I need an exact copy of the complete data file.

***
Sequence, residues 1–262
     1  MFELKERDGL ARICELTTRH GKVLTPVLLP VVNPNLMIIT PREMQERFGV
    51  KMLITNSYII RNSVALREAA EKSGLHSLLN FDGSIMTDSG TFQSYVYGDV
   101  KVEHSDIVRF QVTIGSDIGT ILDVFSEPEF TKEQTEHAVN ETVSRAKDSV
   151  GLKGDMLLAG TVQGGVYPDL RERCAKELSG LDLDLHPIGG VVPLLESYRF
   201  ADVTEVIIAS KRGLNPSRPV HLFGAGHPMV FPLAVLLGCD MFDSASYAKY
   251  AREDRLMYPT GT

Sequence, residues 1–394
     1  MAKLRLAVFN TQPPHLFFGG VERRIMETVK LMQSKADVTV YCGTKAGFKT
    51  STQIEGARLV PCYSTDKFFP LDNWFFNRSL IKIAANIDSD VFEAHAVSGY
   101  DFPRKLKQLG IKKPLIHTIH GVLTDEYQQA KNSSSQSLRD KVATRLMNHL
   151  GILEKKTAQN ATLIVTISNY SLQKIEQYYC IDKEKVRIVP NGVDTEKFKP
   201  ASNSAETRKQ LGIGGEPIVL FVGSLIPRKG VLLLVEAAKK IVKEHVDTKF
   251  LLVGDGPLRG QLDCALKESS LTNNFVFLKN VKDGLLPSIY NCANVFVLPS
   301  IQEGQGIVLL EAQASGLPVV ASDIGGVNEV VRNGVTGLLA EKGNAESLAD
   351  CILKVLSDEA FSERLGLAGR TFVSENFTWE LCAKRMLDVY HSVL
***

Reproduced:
Sequence, residues 1–262
     1  MFELKERDGL ARICELTTRH GKVLTPVLLP VVNPNLMIIT PREMQERFGV
    51  KMLITNSYII RNSVALREAA EKSGLHSLLN FDGSIMTDSG TFQSYVYGDV
   101  KVEHSDIVRF QVTIGSDIGT ILDVFSEPEF TKEQTEHAVN ETVSRAKDSV
   151  GLKGDMLLAG TVQGGVYPDL RERCAKELSG LDLDLHPIGG VVPLLESYRF
   201  ADVTEVIIAS KRGLNPSRPV HLFGAGHPMV FPLAVLLGCD MFDSASYAKY
   251  AREDRLMYPT GT

Sequence, residues 1–394
     1  MAKLRLAVFN TQPPHLFFGG VERRIMETVK LMQSKADVTV YCGTKAGFKT
    51  STQIEGARLV PCYSTDKFFP LDNWFFNRSL IKIAANIDSD VFEAHAVSGY
   101  DFPRKLKQLG IKKPLIHTIH GVLTDEYQQA KNSSSQSLRD KVATRLMNHL
   151  GILEKKTAQN ATLIVTISNY SLQKIEQYYC IDKEKVRIVP NGVDTEKFKP
   201  ASNSAETRKQ LGIGGEPIVL FVGSLIPRKG VLLLVEAAKK IVKEHVDTKF
   251  LLVGDGPLRG QLDCALKESS LTNNFVFLKN VKDGLLPSIY NCANVFVLPS
   301  IQEGQGIVLL EAQASGLPVV ASDIGGVNEV VRNGVTGLLA EKGNAESLAD
   351  CILKVLSDEA FSERLGLAGR TFVSENFTWE LCAKRMLDVY HSVL